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War is a way of life – in some parts of the world it is an on-going struggle with no end in sight. Years of perpetual conflict have adversely affected the way in which political, socioeconomic, and cultural components of society have developed. Indeed, armed conflict negatively affects all aspects of society: not only does it destroy buildings and societies, but it also leaves surviving individuals and communities with deep wounds that can last a lifetime.

Many efforts have been employed around the world to build peace following a conflict. Some interventions have proven quite successful, while others have not. Notably, civil society involvement is one of the most important factors in determining whether a post-conflict peacebuilding initiative will be successful. Efforts put forth by local government officials or the international community likely will be unsuccessful in post-conflict peacebuilding absent civil involvement, and without a societal belief that these measures are beneficial. Further, an involved civil society is important to hold governments accountable for their actions, strengthen public policies, and develop the community following a conflict.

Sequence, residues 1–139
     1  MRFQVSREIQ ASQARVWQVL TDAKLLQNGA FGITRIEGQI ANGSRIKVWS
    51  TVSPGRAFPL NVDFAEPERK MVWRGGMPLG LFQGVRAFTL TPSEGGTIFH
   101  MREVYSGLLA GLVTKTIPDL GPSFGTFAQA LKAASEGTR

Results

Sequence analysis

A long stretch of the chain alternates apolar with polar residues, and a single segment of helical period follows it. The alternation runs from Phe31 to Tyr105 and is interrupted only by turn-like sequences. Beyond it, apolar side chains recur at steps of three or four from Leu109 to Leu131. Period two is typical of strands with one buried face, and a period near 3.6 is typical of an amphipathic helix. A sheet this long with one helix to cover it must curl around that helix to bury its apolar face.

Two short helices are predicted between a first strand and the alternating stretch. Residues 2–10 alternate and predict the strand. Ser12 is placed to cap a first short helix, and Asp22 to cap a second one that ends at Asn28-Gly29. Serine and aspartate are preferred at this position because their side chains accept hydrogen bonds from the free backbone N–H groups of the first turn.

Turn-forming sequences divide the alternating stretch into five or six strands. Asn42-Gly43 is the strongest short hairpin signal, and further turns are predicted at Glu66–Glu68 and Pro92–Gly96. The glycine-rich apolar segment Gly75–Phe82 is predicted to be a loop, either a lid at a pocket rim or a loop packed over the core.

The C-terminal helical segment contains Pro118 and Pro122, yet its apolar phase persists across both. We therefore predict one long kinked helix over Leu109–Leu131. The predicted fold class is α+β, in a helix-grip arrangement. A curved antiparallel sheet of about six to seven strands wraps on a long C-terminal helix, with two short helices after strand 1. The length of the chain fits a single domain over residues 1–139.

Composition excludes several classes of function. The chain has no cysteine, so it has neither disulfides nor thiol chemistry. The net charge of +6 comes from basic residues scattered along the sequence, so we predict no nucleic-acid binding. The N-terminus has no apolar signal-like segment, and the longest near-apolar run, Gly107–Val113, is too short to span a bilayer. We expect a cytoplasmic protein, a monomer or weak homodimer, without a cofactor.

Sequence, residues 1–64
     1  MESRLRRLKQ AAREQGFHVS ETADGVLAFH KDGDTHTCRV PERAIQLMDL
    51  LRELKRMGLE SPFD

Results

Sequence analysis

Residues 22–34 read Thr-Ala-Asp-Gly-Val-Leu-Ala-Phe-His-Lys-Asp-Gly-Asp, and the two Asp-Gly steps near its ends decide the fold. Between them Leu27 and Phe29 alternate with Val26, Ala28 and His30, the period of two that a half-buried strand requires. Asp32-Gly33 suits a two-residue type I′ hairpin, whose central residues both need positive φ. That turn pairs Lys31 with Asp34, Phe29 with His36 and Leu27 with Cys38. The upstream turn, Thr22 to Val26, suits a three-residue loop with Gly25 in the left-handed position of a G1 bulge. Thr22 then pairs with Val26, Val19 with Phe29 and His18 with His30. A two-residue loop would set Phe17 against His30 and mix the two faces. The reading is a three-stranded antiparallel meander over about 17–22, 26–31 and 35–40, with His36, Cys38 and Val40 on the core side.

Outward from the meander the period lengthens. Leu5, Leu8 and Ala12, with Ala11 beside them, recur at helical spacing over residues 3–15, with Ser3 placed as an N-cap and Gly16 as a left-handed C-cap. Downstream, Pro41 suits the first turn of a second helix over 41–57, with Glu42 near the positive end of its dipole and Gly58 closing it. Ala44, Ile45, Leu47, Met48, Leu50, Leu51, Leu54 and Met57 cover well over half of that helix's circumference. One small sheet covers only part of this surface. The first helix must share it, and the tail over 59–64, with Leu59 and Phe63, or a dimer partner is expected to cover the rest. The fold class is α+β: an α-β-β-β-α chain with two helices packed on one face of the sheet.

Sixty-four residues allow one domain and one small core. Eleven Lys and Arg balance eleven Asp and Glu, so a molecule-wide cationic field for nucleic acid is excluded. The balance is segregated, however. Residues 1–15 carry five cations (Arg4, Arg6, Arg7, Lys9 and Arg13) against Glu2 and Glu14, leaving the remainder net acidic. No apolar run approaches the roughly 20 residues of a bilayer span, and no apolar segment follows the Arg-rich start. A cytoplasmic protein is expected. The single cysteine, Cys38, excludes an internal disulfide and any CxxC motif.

This article describes post-conflict societies, discusses civil society generally and in post-conflict settings, provides an overview of legal and reconciliation approaches, discusses approaches alternative to legal approaches to post-conflict peacebuilding, and suggests that “building a culture of peace” is a way in which various players with an interest in post-conflict peacebuilding can influence societies to handle conflicts peacefully. Throughout, the article highlights the important role that civil society plays in post-conflict peacebuilding efforts.



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